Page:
Joseph’s Pride Lion-Tigers new beginning

Avatar BCR | December 3, 2007 36 Views 0 Likes 0 Ratings

Watch as we let Joseph and his pride of another lion and two tigers into their new large enclosure. These cats have been settling in since October and getting use to their new life here at Big Cat Rescue in Tampa, Florida. Sadly, there are still at least hundreds of cats like them out there in the U.S.

Some states have little or no laws regarding ownership of big cats. And those that have tough laws lack the abilities to enforce them. Few people realize the small amount that eventually find a decent home at one of the few good rescues/sanctuaries out there still take away resources that could be spent on saving these animals and their habitats out in the wild.

Thanks again to those that helped us from the Wild Animal Orphanage (Texas), Columbus Zoo, Humane Society of Ohio, Knox County Ohio, IFAW, & to our wonderful volunteers and supporters who made this all possible.

Animal groups rescue abandoned lions and tigers from Ohio woman

(Tampa, FL – 20 October 2007) – Today three animal welfare organizations: IFAW (International Fund for Animal Welfare), Big Cat Rescue, and The Wild Animal Orphanage rescued 6 abandoned big cats – 2 lions and 4 tigers – from an unsanctioned Ohio shelter. The animals are being relocated to licensed animal sanctuaries in Florida and Texas. The move highlights the pressing need for reformed U.S. laws covering exotic pets and has been lauded by animal advocates nationwide.

Nikita the tigerThe animal rescue groups are taking the big cats under a court order. The cats were formerly owned by Diana McCourt until the USDA revoked her license to use the animals and fined her. McCourt was subsequently evicted from her property and abandoned the cats. Local authorities were forced to take possession of the animals. Now they will be moving to permanent sanctuaries where they will receive much better care.

“IFAW is pleased to step in and be part of this extraordinary effort," explained IFAW U.S. Director Jeffery Flocken. “We are advocating for stricter regulations preventing illegal ‘big cat’ ownership and look forward to the day these types of rescue measures will be unnecessary.”

During the relocation, all six big cats will be transferred to Big Cat Rescue of Tampa, Florida – where 2 lions and 2 tigers will reside – while the remaining 2 tigers will continue on to permanent placement at the Wild Animal Orphanage in San Antonio, Texas.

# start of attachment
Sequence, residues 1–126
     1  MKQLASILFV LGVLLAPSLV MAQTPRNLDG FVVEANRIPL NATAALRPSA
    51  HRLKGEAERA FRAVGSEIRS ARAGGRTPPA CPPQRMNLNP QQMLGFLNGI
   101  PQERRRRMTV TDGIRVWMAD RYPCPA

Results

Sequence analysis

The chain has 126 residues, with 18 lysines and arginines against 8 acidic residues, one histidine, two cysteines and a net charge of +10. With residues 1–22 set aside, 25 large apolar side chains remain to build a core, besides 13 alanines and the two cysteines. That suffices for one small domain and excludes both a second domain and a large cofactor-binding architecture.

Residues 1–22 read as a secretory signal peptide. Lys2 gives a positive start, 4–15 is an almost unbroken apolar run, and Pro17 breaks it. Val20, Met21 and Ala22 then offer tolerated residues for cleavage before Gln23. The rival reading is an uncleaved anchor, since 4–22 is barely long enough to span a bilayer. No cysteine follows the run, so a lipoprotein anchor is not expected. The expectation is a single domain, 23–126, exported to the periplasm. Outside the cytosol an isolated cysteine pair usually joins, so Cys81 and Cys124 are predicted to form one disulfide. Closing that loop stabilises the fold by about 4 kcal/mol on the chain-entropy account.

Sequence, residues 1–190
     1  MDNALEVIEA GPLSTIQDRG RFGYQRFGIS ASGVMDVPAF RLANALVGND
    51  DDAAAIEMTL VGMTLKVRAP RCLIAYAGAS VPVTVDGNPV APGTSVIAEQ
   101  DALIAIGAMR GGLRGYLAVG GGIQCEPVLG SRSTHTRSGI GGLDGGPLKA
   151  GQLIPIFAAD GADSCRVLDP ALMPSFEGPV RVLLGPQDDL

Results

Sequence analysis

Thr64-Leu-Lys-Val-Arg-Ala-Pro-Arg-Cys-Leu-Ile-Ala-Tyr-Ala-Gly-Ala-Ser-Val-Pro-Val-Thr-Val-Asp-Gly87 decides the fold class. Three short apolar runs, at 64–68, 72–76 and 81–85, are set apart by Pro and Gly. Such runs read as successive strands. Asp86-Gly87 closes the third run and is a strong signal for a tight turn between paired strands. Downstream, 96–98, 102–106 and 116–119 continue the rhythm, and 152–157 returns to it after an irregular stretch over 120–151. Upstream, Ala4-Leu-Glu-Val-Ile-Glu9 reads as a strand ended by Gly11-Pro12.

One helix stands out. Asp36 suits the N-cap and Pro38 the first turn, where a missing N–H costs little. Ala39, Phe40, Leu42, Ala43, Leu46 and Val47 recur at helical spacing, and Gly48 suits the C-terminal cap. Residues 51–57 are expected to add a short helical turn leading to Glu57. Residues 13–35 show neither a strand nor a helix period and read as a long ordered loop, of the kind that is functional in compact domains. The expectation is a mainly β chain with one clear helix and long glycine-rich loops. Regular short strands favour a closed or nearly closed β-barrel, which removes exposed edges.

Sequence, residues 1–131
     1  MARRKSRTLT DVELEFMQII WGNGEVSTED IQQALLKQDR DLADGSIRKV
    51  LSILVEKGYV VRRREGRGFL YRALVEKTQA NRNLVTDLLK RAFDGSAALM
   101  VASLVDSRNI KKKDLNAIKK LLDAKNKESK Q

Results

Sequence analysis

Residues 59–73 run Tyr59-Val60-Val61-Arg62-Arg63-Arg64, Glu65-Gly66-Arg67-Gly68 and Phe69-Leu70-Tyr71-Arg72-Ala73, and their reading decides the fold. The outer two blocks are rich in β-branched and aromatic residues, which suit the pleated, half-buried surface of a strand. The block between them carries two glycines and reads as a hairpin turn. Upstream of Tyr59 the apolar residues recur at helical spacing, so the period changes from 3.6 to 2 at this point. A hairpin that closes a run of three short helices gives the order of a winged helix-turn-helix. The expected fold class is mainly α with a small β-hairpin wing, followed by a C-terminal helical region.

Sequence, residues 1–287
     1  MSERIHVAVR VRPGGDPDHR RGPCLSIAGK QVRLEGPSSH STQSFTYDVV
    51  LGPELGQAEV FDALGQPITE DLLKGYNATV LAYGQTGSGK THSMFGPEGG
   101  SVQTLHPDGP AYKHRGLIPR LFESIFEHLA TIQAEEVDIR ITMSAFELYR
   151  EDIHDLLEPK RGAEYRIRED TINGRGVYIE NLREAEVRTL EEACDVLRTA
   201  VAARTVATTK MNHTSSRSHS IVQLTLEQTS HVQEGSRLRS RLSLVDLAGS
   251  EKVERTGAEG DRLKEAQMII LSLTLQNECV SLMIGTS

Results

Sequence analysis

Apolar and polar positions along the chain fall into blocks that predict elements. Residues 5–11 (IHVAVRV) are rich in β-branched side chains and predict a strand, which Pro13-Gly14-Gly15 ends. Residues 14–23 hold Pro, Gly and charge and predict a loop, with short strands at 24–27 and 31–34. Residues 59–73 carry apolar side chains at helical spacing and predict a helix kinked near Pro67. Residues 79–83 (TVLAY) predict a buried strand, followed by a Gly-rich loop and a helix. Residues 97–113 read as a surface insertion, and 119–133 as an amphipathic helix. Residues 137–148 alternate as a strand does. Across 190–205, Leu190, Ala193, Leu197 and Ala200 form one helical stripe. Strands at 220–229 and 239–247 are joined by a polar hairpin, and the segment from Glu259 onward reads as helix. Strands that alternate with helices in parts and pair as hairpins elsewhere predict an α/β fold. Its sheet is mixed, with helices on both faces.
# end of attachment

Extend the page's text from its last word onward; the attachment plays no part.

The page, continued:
“People need to understand the tremendous responsibility involved with taking on the care of these exotic animals," said Carol Asvestas, Wild Animal Orphanage Director. "These animals require a lifetime commitment that can be very costly and, at times, dangerous. What’s made this move easier for us is the overwhelming unity of participating organizations. It's been wonderful.”

"While we are happy to be able to rescue four of these cats we are so thankful to IFAW for arranging the transport of them and for enabling the rescue of the remaining two tigers. Once IFAW’s federal bill, Haley’s Act, becomes law it will be illegal to abuse big cats as photo props and horrific situations like this will cease to exist," said Carole Baskin, Founder and CEO of Big Cat Rescue.Tiger at Siberian Tiger Foundation in OH

The six big cats being relocated are:

• 1 Tiger born April 24, 2000 named Ekaterina
• 1 White Tiger born March 3, 2000 named Sierra
• 1 Tiger born August 20, 1995 named Nikita
• 1 Tiger born June 8, 1994 named Simba
• 1 Lion born August 19, 1998 named Joseph
• 1 Lion born May 12, 1994 named Sasha

The cats are expected to arrive in Florida on October 21st and in Texas on October 23.

About IFAW (International Fund for Animal Welfare)
Founded in 1969, IFAW works around the globe to protect animals and habitats promoting practical solutions for animals and people. To learn how you can help, please visit

About Big Cat Rescue

We provide the best home possible for the 140+ exotic cats in our care and are reducing the number of big cats that suffer the fate of abuse, abandonment & extinction. Find out how at

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